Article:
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OPEC's Failure to Agree on Cuts in Output Could Push Prices Lower

March 28, 1994|From Bloomberg Business News

GENEVA — International oil prices are poised to drop after OPEC ministers gave in to Saudi demands that the current oil production ceiling be extended until the end of the year.

After two days of talks, the Organization of Petroleum Exporting Countries on Saturday failed to hammer out an agreement to cut output, electing instead to hold the ceiling at 24.52 million barrels a day. OPEC produces 40% of the world's supply.

Since that quota was set in September, oil prices have slumped about 20%. A senior OPEC official warned that oil prices may slide further, to single digits, if member states don't strictly adhere to the limit.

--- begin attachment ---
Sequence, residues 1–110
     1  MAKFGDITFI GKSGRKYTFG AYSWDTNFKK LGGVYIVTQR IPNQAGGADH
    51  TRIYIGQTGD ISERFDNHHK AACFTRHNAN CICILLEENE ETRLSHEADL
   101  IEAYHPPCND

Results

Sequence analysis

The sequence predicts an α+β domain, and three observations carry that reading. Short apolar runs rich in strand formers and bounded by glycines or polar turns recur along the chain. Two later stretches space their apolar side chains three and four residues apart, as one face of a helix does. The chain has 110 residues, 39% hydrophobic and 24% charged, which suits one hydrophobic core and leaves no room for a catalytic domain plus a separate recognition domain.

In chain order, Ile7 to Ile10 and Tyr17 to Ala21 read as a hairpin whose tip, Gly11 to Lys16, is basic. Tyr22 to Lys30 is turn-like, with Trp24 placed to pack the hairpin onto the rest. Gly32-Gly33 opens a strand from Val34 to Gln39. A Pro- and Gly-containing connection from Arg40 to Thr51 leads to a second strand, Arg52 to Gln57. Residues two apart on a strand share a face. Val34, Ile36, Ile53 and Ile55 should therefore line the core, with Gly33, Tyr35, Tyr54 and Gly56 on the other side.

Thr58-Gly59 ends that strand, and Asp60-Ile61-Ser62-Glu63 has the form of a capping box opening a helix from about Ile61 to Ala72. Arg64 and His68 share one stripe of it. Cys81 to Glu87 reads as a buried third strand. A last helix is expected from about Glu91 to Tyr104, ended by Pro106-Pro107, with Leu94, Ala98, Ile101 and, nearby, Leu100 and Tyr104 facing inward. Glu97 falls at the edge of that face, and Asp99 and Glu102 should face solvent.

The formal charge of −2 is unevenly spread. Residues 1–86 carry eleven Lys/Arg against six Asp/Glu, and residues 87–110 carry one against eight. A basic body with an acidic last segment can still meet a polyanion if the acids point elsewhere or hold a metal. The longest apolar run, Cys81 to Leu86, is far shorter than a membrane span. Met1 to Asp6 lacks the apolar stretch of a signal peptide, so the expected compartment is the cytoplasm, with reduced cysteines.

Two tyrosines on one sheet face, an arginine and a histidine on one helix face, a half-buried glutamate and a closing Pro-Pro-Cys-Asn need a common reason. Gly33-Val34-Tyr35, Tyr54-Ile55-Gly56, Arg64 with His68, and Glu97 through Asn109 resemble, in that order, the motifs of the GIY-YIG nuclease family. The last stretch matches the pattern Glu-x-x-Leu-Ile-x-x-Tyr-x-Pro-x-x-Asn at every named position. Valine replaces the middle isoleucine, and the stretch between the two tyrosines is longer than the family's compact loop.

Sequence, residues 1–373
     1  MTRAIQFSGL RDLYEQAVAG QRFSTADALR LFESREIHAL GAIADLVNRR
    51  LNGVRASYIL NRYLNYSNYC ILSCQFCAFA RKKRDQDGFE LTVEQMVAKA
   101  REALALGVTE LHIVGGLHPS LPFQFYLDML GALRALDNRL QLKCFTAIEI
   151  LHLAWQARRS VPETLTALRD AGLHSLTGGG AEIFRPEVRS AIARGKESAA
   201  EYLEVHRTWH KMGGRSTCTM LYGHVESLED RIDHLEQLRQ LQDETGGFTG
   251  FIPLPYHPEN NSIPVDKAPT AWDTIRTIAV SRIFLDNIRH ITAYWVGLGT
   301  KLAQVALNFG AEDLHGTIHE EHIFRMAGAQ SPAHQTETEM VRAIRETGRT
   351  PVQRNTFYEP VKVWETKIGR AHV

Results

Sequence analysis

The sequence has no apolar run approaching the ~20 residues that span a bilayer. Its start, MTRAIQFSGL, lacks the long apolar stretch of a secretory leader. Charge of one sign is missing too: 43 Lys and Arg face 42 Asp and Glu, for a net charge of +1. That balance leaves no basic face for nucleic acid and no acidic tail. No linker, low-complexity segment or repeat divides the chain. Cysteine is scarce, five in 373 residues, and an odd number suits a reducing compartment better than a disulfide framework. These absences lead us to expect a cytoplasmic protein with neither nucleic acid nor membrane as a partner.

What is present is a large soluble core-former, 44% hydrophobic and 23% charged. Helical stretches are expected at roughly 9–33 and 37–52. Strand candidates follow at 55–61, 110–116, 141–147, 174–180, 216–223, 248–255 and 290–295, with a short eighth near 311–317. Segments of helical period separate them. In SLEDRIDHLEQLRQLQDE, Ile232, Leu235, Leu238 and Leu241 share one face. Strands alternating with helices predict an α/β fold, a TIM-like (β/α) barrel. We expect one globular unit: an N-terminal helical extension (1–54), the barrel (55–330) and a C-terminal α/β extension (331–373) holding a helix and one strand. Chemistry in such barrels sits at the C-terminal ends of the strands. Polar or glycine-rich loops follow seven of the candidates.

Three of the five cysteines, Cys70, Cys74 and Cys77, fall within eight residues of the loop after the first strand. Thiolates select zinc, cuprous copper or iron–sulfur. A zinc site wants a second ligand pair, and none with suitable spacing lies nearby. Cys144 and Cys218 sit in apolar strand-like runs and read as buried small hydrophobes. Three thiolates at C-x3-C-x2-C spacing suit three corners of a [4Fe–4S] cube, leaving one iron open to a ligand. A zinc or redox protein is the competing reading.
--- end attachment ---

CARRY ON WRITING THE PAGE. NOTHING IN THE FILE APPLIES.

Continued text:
"Everybody sees the danger if we don't follow the script," the senior official said. "A single-digit price is not excluded."

West Texas Intermediate, the U.S. crude benchmark, for May delivery on the New York Mercantile Exchange, settled at $15.13 a barrel on Friday.

Analysts were divided over the outlook for prices, although few were as skeptical as the OPEC official.

"It means OPEC is not prepared to defend the price of oil," said Mike Rothman, senior energy analyst for Merrill Lynch Commodity Research Unit.

Arthur Tower, research manager with New Orleans-based Howard, Weil, Labouisse, Friedrichs Inc. agreed. "The (U.S.) market may trade off $1 or $2. I can't see how you can say this agreement is good."

Other analysts said prices will be steady since the decision was in line with expectations.

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